Byron Buxton Is Having a Red-Hot Second Half

The Minnesota Twins' talented young outfield is emerging as an impact player in the American League.

The first few months of the 2017 season couldn't have gone worse for Minnesota Twins outfielder Byron Buxton.

At 64-60, the Twins entered Tuesday's action with a half-game lead for the second wild card spot in the AL, thanks in part to Buxton's recent torrid play The 23-year-old has tallied 3.7 WAR this season, with a slash line of .243/.309/.374, to go with 9 homers, 29 RBIs, and 22 stolen bases.

Those stats don't leap off the page, but they've been boosted by a red-hot July and August. This comes after Buxton delivered perhaps the coldest start to 2017 by any player in baseball. Below are some of his numbers, broken down by timeframe.

April 3 - July 4 78 .195 .272 .280 .552 4 6
July 4 - August 21 27 .366 .402 .613 1.015 5 4

Last week, Buxton's incredible talent was on display against the Arizona Diamondbacks, as he hit a triple and an inside-the-park home run in the same game.

ESPN Stats & Info noted that Buxton's 13.85 seconds around the bases on that inside-the-parker was the fastest ever recorded in the StatCast era, breaking his own 2016 record of 14.05 seconds. Since the All-Star break, he's batting .338/.378/.608, and in August, he's hitting .333/.367/.597. Not coincidentally, the Twins are 14-7 this month.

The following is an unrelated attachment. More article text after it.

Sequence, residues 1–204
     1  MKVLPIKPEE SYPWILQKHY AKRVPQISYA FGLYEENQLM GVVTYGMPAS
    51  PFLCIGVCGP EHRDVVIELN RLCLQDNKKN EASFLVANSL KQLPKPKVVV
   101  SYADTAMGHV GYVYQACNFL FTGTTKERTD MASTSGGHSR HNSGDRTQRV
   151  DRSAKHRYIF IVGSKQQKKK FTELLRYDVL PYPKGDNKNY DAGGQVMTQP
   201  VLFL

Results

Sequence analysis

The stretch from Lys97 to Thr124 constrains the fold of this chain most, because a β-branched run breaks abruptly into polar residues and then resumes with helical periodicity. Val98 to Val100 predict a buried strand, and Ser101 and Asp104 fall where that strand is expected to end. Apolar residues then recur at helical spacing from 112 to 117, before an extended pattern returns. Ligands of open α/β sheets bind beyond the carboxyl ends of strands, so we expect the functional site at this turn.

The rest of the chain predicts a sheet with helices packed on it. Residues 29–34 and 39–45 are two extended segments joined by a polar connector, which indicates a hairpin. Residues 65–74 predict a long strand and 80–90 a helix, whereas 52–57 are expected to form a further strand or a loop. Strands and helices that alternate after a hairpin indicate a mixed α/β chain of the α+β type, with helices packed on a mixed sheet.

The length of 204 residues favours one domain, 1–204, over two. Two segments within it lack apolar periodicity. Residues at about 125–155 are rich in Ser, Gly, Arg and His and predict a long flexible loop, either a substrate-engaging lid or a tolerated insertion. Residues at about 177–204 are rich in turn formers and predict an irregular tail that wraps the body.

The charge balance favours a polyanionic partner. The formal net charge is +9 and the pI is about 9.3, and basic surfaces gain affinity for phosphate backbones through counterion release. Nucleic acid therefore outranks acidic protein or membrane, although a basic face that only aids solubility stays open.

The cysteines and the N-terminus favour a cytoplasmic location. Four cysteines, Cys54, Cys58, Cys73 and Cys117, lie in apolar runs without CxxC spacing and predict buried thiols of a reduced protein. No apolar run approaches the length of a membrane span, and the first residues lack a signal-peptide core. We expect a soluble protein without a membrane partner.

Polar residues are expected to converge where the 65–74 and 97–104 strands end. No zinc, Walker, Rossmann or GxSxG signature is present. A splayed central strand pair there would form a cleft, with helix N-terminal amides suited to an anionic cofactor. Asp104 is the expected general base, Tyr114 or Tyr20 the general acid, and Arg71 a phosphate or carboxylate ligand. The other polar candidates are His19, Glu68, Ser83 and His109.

It's important to remember just how badly Buxton performed in the season's first few weeks. He started the year 4-for-49 (.082), during which time he racked up 24 strikeouts. However, his defense has helped keep him on the big league roster even as he struggled at the dish.

Despite an OPS+ of just 82 on the season (100 is considered a league average run producer), his 3.7 WAR (as calculated by Baseball Reference) has been buoyed by his 21 defensive runs saved (DRS), which is second-most among all outfielders, behind only Mookie Betts' 29.

Buxton's defense was already elite, but now he's starting to add offensive production into the mix.

Putting faith in the larger sample size is usually the better way to look at a player. But when you're dealing with a 23-year-old who is still developing -- and who was a perennial Top-10 prospect in baseball -- sometimes a recent sample, even if it's small, is an indication that the light switch has flipped.

So if the recent sample size is indeed to be believed, Buxton is on his way to becoming one of the biggest superstars in baseball.